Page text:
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Thank you David Haas for sharing your passion and gift of helping cancer patients improve their quality of life.  I appreciate your contribution to my blog.

~Carol Whitaker

Fitness Recommendations for Cancer Patients

The National Cancer Institute provides a Factsheet on Physical Activity and Cancer. This resource defines the term physical activity as "any bodily movement produced by skeletal muscles". It discusses the known relationship between physical activity and certain specific cancers for which this relationship has been previously studied, such as breast, colon, and uterine cancers, and indicates that there are ongoing additional studies regarding the relationship between fitness and cancer. In short, physical fitness is all to the good and generally reduces the risk of getting cancer, reduces risk of a recurrence once it is in remission, and improves quality of life for cancer patients who are still undergoing treatment.

It is a good resource to check out, especially if your interest is in one of the more common forms of cancer. But even if you are dealing with something less common, for example if you are going through mesothelioma treatment, the general consensus is increasingly in line with the notion that it is best for cancer patients to avoid a sedentary lifestyle and, instead, get with the (fitness) program. Prestigious institutes, researchers, doctors and patients are all getting on the pro fitness bandwagon, and with very good reason. The evidence increasingly indicates this is the way to go -- for your health, for your improved odds of survival, and for your psychological well being.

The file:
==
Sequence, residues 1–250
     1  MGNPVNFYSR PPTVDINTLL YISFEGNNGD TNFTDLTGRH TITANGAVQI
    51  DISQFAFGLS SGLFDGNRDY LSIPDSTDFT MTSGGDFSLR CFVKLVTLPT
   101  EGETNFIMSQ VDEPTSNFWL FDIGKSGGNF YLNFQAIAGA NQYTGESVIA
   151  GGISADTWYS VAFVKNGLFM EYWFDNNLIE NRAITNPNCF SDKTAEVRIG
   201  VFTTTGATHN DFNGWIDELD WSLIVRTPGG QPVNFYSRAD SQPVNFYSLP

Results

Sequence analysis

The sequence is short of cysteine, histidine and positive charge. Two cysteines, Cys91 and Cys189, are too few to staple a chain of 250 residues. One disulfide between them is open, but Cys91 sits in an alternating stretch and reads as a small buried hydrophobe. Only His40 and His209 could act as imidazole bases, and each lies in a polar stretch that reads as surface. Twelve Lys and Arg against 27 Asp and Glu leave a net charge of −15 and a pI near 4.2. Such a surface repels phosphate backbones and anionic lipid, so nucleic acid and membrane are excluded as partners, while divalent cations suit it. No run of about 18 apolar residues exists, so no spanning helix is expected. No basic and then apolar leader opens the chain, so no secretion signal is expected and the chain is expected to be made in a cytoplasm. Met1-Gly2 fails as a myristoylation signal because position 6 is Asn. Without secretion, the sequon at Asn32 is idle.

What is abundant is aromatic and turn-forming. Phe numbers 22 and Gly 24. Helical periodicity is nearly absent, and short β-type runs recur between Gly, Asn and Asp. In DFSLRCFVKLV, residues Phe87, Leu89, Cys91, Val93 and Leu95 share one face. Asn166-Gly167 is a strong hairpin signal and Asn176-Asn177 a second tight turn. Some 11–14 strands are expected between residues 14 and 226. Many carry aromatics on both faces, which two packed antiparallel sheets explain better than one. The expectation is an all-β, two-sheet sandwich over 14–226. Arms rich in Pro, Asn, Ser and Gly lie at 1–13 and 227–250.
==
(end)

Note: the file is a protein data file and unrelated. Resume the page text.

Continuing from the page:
Generally speaking, it is recommended that you pursue an aerobic activity at least three to five times per week, for at least twenty to thirty minutes each time, assuming you are well enough. Additionally, muscle building exercises and stretching exercises should be part of your weekly routine. Your age and medical condition should be taken into account when deciding just how much to tackle. If you simply aren't well enough for that level of activity, it is better to do something, no matter how little, than to do nothing. Further, the type of cancer you have and the type of treatment you are receiving should be taken into consideration when determining the specifics of a fitness program while undergoing treatment.

If steroids are a part of your treatment, as can be true with breast cancer, the odds are high you will be putting on unwanted pounds. Not only is excess weight hard on your self-image at a time when it is already under assault but it also increases the risk that your cancer will eventually come back. Now would be an excellent time to start on a sensible diet and fitness plan geared towards trying control your weight. No, that does not mean you should starve yourself. Instead, you should eat healthier and focus on exercises known to promote weight loss, like cardio workouts. 

–David Haas
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